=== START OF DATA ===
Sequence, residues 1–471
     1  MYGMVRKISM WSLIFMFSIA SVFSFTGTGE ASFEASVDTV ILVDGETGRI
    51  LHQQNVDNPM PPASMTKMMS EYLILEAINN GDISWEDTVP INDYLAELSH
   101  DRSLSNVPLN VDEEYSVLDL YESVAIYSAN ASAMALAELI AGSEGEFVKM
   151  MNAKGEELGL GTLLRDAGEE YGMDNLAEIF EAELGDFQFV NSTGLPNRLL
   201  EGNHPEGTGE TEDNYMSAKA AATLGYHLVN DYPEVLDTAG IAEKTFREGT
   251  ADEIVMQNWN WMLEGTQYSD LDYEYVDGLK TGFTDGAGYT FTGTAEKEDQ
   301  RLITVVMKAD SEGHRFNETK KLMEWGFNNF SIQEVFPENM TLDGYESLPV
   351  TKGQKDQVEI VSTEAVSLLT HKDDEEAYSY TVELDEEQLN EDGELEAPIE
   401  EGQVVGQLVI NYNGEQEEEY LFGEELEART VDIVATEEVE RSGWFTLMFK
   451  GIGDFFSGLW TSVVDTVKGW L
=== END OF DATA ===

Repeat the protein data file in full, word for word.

Sequence, residues 1–471
     1  MYGMVRKISM WSLIFMFSIA SVFSFTGTGE ASFEASVDTV ILVDGETGRI
    51  LHQQNVDNPM PPASMTKMMS EYLILEAINN GDISWEDTVP INDYLAELSH
   101  DRSLSNVPLN VDEEYSVLDL YESVAIYSAN ASAMALAELI AGSEGEFVKM
   151  MNAKGEELGL GTLLRDAGEE YGMDNLAEIF EAELGDFQFV NSTGLPNRLL
   201  EGNHPEGTGE TEDNYMSAKA AATLGYHLVN DYPEVLDTAG IAEKTFREGT
   251  ADEIVMQNWN WMLEGTQYSD LDYEYVDGLK TGFTDGAGYT FTGTAEKEDQ
   301  RLITVVMKAD SEGHRFNETK KLMEWGFNNF SIQEVFPENM TLDGYESLPV
   351  TKGQKDQVEI VSTEAVSLLT HKDDEEAYSY TVELDEEQLN EDGELEAPIE
   401  EGQVVGQLVI NYNGEQEEEY LFGEELEART VDIVATEEVE RSGWFTLMFK
   451  GIGDFFSGLW TSVVDTVKGW L